The Israeli-Palestinian conflict sits at the heart of Montreal-born novelist Emmanuel Kattan’s latest offering in translation. While Kattan frames his story as a genre mystery, the larger thematic ties to the Middle East crisis lend the book a literary quality.
Daniel Benzaken is a Jewish painter and professor of art history in Montreal who arrives in Jerusalem under a cloud of distress. His daughter Sara, in Jerusalem to pursue a graduate degree, has vanished with her Arab boyfriend, Ibrahim, under suspicious circumstances. Finding little solace from the detective assigned to the case, Daniel launches his own investigation and begins to unravel the mystery of what may have happened to his daughter.
Told mostly as one long flashback, the story alternates between a standard narrative and an epistolary structure involving past email exchanges between Daniel and Sara, and entries in Sara’s diary in the months leading up to her disappearance. What we learn is that she began dating Ibrahim after breaking up with a jealous Jewish boyfriend named Avner, who began stalking her after he found out she’d started seeing an Arab. There is another suspect in the case: Ibrahim’s cousin Tareq, a boy with whom Ibrahim was close growing up, but who has become deeply radicalized and is unhappy that his cousin is dating someone of Jewish heritage.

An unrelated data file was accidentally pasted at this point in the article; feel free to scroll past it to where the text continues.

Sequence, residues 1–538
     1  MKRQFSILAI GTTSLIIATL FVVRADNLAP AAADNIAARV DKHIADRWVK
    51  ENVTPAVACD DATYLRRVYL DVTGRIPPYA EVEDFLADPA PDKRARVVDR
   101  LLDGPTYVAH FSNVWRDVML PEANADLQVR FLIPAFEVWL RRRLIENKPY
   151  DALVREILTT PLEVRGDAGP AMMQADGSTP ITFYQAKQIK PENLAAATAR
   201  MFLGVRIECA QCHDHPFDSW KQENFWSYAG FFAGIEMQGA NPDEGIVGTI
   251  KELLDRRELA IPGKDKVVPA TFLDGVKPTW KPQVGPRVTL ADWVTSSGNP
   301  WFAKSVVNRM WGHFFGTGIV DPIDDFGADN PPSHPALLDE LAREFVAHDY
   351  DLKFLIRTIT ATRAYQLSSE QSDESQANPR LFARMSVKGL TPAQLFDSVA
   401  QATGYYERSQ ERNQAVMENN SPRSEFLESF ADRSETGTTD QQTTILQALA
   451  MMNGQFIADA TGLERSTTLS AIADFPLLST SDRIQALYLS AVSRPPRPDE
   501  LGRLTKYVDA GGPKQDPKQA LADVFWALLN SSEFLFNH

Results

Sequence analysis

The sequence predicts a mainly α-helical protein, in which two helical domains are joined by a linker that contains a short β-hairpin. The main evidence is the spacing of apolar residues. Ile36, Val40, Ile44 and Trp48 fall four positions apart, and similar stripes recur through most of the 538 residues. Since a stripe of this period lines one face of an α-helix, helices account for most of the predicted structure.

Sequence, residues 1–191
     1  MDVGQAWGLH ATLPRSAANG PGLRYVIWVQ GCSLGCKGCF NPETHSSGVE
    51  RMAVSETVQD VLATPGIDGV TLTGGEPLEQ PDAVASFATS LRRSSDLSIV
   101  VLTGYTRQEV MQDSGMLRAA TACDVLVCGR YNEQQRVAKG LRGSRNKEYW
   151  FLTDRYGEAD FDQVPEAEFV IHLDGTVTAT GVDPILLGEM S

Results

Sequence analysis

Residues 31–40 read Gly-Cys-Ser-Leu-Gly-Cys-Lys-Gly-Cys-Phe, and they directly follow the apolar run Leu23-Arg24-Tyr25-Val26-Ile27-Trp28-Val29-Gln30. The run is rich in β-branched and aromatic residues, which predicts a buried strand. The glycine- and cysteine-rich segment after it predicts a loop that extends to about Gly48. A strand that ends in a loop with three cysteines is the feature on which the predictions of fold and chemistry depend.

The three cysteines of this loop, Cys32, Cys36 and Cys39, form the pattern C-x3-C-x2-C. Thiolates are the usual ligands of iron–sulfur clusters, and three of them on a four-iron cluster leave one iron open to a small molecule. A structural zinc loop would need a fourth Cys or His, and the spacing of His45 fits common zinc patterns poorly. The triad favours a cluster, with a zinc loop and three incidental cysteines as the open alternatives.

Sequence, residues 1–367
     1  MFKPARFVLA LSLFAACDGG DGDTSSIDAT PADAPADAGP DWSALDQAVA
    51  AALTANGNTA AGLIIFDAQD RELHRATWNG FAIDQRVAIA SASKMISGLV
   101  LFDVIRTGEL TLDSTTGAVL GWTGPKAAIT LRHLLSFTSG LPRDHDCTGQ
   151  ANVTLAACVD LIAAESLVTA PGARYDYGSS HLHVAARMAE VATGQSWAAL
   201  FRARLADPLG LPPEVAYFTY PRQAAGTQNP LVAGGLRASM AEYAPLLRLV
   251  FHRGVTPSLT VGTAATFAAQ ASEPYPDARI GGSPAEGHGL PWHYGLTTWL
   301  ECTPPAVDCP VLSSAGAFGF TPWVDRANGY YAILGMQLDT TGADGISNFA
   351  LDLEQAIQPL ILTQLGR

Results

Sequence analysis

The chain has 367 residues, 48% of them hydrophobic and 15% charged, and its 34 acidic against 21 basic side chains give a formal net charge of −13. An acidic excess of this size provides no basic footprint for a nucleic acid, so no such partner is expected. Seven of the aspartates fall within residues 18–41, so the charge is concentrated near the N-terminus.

All of this is engaging, though the thematic connections in the story may strike some readers as a touch too obvious. Sara’s mother, dead from cancer, was a Muslim, and thus Sara has inherited both the culture of Islam from her and the culture of Judaism from Daniel. This turns Sara into a symbol of Israeli-Palestinian connectedness and strife, but perhaps a heavy-handed one.
Still, Kattan wins us over with the sheer strength of his prose and emotional range, especially in the last quarter of the novel. What starts out as a rather contrived metaphor about Israel and Palestine couched as a mystery eventually turns into something devastating – a beautiful reflection on love, loss, and the senselessness of violence